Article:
January 30, 2007

Rewritting Ali's history: Better late than never: Is the legend surrounding Muhammad Ali being wilfully distorted by the Establishment?

In the eyes of a new generation, he is a Gandhi-esque caricature: non-controversial, utterly non-threatening and devoid of the contradictions that symbolised the deep divisions in postwar American consciousness.

posted by Fence to boxing at 07:44 AM - 15 comments

I don't see it. I mean, I get the author's point, but to me the real polish job has been done to Ali's personality. Gone are the references to how he treated people like Sonny Liston and George Forman, denigrating them as Uncle Tom's for the simple crime of stepping inside the ring. The author seems no less intent on using the broken frame of a great champion as a stand-in for the author's beliefs. Is it really cynical manipulation to celebrate Ali's high points now? How much effort should we put into pulling apart a guy who looks on the verge of death in every public opinion?

posted by yerfatma at 08:00 AM on January 30, 2007

Gandhi wasn't universally revered during his time either or else he wouldn't have been assassinated. The same goes for JFK, MLK, our Founding Fathers, etc. At some point looking back, you just have to measure people by taking a step back. No one was good in every aspect of their life, but taken as a whole, are they worth revering?

posted by bperk at 08:50 AM on January 30, 2007

I'm sort of troubled that making more Ali more complex and true-to-life is seen as 'pulling apart' someone, or the assumption that somehow someone who is more complex would not be worth revering. Gandhi was worth revering because he was controversial and confrontational. The article's goal is to rebuild and respect the real Ali, not to 'pull apart' or disrespect the pallid shadow he has become.

posted by tieguy at 02:27 PM on January 30, 2007

Who can tell how a new generation of black Americans would have reacted to his historical legacy had it not been drowned in a torrent of mushy and historically misleading sentimentality? WTF? I think it's funny when I see someone write about something they really don't care about.

posted by Bishop at 02:44 PM on January 30, 2007

Ah, God bless him - he's a muckraker that a cat can really get behind. I agree with yerfatma, it's the nastier side of him that seems to have been glossed over during the past few decades. I like to think of him better as a fierce, uncompromising iconoclast who you loved or hated. The reverence is just a tad too simplified and dishonest... Like Barbaro! Man, is there anything about life that horse can't teach us?

posted by WeedyMcSmokey at 02:51 PM on January 30, 2007

These of us old enough remember Ali as the greatest boxer of the time. We also remember the controversy that swirled about him for years;his bragging, the name change,the draft,his women,the Spinks bouts,etc. The list goes on and on.It seemed as if he enjoyed being outrageous.To many in the Jim Crow 60s he was outrageous.Much of that is being swept under the carpet.To me he was the greatest athlete in my lifetime and a great and courageous of the common man.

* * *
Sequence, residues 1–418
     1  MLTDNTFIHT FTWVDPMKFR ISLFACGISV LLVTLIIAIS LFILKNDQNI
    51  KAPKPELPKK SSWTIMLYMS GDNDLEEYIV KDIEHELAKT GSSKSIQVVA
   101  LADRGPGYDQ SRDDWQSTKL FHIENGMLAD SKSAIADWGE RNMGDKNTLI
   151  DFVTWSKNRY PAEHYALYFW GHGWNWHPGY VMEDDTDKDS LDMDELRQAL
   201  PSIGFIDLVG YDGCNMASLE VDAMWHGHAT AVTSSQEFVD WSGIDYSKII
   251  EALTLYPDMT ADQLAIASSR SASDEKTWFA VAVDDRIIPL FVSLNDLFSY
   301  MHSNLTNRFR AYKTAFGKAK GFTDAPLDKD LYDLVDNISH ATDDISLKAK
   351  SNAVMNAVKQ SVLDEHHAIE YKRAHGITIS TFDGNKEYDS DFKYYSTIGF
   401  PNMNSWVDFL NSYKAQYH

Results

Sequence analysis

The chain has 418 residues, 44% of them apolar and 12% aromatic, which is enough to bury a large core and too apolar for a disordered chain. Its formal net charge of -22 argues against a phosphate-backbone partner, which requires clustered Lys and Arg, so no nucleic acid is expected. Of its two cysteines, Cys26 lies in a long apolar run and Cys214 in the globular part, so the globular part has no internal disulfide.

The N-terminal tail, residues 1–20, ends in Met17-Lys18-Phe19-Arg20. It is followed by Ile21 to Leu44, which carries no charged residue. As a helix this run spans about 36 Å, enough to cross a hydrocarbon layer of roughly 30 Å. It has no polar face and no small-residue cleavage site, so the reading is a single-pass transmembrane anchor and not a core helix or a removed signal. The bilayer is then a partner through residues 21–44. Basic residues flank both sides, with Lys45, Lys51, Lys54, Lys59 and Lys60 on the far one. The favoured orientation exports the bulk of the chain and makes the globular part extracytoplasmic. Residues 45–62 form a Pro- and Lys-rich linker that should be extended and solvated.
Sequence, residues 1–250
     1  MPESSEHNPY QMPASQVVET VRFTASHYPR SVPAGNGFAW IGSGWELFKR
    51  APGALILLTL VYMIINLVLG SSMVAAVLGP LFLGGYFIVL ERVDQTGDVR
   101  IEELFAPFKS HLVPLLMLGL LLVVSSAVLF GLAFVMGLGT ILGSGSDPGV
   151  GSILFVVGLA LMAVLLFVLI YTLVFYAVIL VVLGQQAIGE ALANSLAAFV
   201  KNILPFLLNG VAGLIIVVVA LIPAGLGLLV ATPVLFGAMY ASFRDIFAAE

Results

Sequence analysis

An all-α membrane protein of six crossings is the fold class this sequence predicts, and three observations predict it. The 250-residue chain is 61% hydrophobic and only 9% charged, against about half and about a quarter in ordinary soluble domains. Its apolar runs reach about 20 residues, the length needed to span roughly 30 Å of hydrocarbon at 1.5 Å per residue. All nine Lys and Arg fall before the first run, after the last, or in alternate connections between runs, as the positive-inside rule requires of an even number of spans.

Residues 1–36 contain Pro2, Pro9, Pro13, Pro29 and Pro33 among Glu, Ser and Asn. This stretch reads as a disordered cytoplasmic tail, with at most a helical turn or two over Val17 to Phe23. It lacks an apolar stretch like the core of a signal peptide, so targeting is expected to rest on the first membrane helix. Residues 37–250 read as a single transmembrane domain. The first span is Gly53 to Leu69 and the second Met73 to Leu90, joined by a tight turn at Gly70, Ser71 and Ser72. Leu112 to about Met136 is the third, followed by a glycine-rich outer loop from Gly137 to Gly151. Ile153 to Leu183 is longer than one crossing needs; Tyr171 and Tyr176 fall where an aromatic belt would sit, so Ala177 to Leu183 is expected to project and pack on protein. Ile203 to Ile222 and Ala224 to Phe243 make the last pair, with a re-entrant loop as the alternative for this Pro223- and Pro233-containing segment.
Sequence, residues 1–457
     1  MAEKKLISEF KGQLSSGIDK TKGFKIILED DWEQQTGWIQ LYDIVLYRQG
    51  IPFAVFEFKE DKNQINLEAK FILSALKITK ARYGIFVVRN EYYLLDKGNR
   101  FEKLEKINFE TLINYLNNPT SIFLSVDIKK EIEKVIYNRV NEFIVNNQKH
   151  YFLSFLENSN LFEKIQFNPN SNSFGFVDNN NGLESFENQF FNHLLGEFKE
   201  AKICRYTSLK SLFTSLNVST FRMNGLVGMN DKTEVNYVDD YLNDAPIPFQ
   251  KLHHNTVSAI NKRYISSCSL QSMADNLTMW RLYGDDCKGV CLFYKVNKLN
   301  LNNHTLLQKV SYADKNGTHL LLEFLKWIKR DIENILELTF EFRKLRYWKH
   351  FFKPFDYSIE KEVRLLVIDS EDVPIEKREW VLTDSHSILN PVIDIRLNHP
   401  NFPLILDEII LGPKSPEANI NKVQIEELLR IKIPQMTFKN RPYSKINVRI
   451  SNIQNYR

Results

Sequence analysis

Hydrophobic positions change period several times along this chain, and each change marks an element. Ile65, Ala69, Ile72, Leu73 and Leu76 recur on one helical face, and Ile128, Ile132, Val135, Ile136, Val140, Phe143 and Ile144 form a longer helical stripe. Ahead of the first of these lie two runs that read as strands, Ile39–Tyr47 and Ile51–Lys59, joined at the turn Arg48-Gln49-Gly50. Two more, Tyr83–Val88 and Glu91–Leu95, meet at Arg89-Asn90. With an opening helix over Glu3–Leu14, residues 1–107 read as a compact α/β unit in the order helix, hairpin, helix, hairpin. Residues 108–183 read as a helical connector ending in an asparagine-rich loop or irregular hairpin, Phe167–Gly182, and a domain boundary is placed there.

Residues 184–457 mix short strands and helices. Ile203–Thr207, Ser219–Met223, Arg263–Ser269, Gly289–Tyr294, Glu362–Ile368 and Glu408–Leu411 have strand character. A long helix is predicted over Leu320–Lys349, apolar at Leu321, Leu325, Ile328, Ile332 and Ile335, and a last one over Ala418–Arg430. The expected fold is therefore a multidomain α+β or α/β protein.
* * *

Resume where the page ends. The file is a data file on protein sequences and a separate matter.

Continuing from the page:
posted by sickleguy at 03:44 PM on January 30, 2007

com'on if they can rehabilitate Nixon's image they can gloss over some of Ali's life.

posted by lindomotorsports at 04:52 PM on January 30, 2007

You don't get to be The Greatest by being a saint.

posted by carolinared at 05:39 PM on January 30, 2007

I guess that he has mellowed with age, I know that I have and I look at things differently. He was a couragous man who stood up for what he believed and in the end, he made a difference! I don't suppose that my favorite (Joe frazier) agrees with me. Those two fought the greatest fights in my life time!

posted by steelerchooks at 07:20 PM on January 30, 2007

You mean they're glossing over his anti-Vietnam War stance?

posted by kirkaracha at 07:43 PM on January 30, 2007

Champ was what he was...didn't take the BS for 'nam, played the media like a well tuned viola and, until the body started south, simply kicked ass and took no prisoners. Let's not play him for anything he wasn't. Even now, he's a LOT sharper than most...

posted by wolfdad at 08:42 PM on January 30, 2007

In a way it is a nothing article; basically saying that people are a lot more complex than hero-worship would have us believe. So why did I post the link? Cause it is true that a lot of articles written about Ali have him as the hero not the man. I'm all for Ali the hero, a lot of what he did was great, but you gotta take the good with the bad :)

posted by Fence at 02:54 AM on January 31, 2007

You gotta take the good with the bad in everything and everyone but Ali was exactly who he said he was...THE GREATEST!! I am not from the era when Ali was just kicking ass and taking the government head on, but from everything that's been said & done about him, he was basically just a man that wasn't ever going to be submissive and take crap from anyone. Ali never claimed to be nothing more than the greatest champion of all time and he was right.

posted by BornIcon at 07:17 AM on January 31, 2007

com'on if they can rehabilitate Nixon's image they can gloss over some of Ali's life. One big difference--Ali wasn't a common burglar.

posted by jm_mosier at 08:21 AM on January 31, 2007

I'll bet that Ali became more preferable to his establishment opponents once they got a look at Leon Spinks.

posted by Newbie Walker at 11:25 PM on February 02, 2007

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